Brian Keaney

Category: media

Governor Patrick, tear down these walls

As the MNPA reported today, “Something extraordinary happened today on the editorial pages of Massachusetts daily newspapers. More than 20 of the state’s newspapers agreed to jointly run an editorial endorsing reforms to the public records and open meetings laws that would help bring about increased government transparency.”   I’m happy to lend this space as well for the cause as well.

 

The walls Beacon Hill has erected between itself and those it governs have taken on two dramatically different faces.

Outside, they show decades’ of  wear at the hands of those fighting for  better access to their government. Inside, they’re increasingly pocked with a taint that thrives in the absence of light.

That taint, most recently seen in a disturbing chain of high-profile corruption cases, suggests any benefits such barriers provide to the efficiency of lawmaking are grievously undermined by the efficiencies they also provide to those more interested in lawbreaking.

The felony convictions of three successive House speakers — and a Probation Department scandal that threatens to reach into every corner of public service — clearly indicate state transparency laws are in dire need of improvement.

Central to that effort is eliminating exemptions that free the governor’s office, Legislature and judiciary from having to live by the meeting and records laws that apply to every other public office in this state.  Just as important is making it easier and more affordable for people to take advantage of the access already protected by a law that predates e-mail and the Internet.

It’s an area where minor advances have been made but substantive reform has been routinely killed or ignored.

Given recent scandals and polls showing a deep and growing distrust in government, we hope this year is different.

That notion will soon be tested on several fronts as lawmakers consider a number of initiatives.

One bill seeks to reduce the cost of obtaining records, requiring state agencies to make commonly sought public documents available electronically. It would also cut administrative costs and processing time associated with such records requests.

Another would strengthen the enforcement and investigatory powers of the Supervisor of Public Records.

A third would assess penalties against lawmakers who purposely skirt access laws and would cover the legal fees of those who successfully challenge them. And several seek to breach that battered and stained wall around Beacon Hill, subjecting the Legislature to the state’s Open Meeting Law.

Critics of the measures have focused on the financial and manpower burdens they impose on records keepers. Yet this push for more easily accessible records, already successfully implemented in other states,  holds the promise of reducing those burdens.

House Speaker Robert DeLeo, following the June conviction of his predecessor, Salvatore DiMasi, vowed to regain voters’ faith in state government.

“Today’s news delivers a powerful blow to the public’s trust in government,” he wrote then. “One of the things that I find most disturbing – and the thing I am most committed to changing – is the public’s view of politicians and public sector employees.”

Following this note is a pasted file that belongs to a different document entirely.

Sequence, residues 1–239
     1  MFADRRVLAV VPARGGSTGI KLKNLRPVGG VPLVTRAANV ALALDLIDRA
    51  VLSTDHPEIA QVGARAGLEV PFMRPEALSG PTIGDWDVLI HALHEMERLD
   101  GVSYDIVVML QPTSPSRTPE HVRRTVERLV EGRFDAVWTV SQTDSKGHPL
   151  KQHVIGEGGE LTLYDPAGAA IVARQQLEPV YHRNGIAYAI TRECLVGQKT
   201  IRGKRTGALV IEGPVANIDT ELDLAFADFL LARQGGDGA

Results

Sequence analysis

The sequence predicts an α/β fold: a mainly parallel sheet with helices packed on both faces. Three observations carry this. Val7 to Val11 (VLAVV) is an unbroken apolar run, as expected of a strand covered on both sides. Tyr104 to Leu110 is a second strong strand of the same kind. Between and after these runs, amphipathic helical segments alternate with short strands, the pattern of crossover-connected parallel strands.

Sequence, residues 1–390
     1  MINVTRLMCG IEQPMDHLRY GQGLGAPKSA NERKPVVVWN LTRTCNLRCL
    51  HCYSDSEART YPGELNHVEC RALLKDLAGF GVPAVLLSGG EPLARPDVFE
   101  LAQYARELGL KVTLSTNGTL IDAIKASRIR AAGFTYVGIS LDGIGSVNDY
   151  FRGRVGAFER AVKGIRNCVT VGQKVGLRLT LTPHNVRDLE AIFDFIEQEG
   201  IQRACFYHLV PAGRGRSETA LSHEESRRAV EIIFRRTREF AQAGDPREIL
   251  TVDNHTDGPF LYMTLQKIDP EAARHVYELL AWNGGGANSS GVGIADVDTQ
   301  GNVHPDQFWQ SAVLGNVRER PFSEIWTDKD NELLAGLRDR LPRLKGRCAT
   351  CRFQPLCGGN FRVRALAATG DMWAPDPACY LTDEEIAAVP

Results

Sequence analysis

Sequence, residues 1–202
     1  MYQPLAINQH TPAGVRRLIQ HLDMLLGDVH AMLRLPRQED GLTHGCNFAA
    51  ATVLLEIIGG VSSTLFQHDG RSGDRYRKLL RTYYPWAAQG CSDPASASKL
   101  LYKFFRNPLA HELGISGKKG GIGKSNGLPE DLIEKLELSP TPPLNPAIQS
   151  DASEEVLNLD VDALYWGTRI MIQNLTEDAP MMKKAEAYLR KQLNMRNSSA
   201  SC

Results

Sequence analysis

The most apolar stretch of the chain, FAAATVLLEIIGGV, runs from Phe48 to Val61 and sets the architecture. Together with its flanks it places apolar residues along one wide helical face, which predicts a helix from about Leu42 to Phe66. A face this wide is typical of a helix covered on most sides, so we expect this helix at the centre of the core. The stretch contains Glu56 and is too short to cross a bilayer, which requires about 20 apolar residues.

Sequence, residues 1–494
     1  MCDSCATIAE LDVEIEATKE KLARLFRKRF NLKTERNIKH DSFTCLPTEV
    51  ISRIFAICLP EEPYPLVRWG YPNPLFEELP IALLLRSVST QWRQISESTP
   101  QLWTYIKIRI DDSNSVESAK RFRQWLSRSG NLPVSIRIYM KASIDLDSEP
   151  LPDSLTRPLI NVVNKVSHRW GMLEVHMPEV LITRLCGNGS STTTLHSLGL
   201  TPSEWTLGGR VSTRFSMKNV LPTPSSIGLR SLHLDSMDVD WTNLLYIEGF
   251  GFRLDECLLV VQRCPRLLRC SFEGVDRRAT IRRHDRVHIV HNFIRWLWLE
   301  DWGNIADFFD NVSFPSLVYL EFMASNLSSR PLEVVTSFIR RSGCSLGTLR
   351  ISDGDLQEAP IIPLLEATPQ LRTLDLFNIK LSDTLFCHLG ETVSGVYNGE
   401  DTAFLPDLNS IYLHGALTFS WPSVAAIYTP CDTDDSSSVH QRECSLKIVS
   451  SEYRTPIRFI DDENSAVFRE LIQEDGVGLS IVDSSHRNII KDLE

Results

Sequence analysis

Fewer walls — legal, financial and technological — would go a long way toward that goal.

Here’s looking at the Oscar, kid

Brattle Theatre, Cambridge, Massachusetts.

Image via Wikipedia

“Please excuse my drug use,” she said to me

“Hey,” I replied, “you do whatever you need to in order to get through a dinner with me.”

Such began my dinner last night at Casablanca, a nice but overpriced restaurant in Brattle Square.  I enjoyed the murals and the company, but two glasses of wine and an appetizer do not usually cost me $36 in the type of establishments I tend to frequent.  It actually could have cost me $10 less but, being the fine, upstanding citizen I am, I told the waitress she had given me the wrong change and returned it to her.

Dinner was followed by one of my all time favorite films, Casablanca, next door at the Brattle.  I think this particular movie is a rare case when I’d rather watch it  at home than at the theater.  It has some very funny lines, but I found the laughter from the audience off putting for some reason.  Usually I enjoy watching movies in the theater precisely because the reactions of the crowd make a movie funnier, scarier, or more dramatic.  Maybe it’s because I know it so well that I didn’t want to hear the guy in front of me laughing, but to focus on the reaction on the screen.

I know a fair bit of trivia about the film, but one of my favorite facts is that no one had any idea that it was going to be anything special.  Warner Brothers produced 50 films a year at the time – one a week – and this was just supposed to be one of 50.  Compare that to The King’s Speech, which I saw the night prior.

Once again, an excellent film, and Colin Firth’s performance in particular was extraordinary.  He certainly deserves the Oscar, and of all the nominees for Best Picture that I’ve seen this year I think this is probably the best.  That said, this wasn’t just another film the studio was putting out.  They clearly had an eye towards the Academy while shooting it.  Normally I’m not a fan of this technique; I’d much prefer to see a director make the best possible film he can, a film designed to appeal to the masses as well as the snobs, and then let the awards come.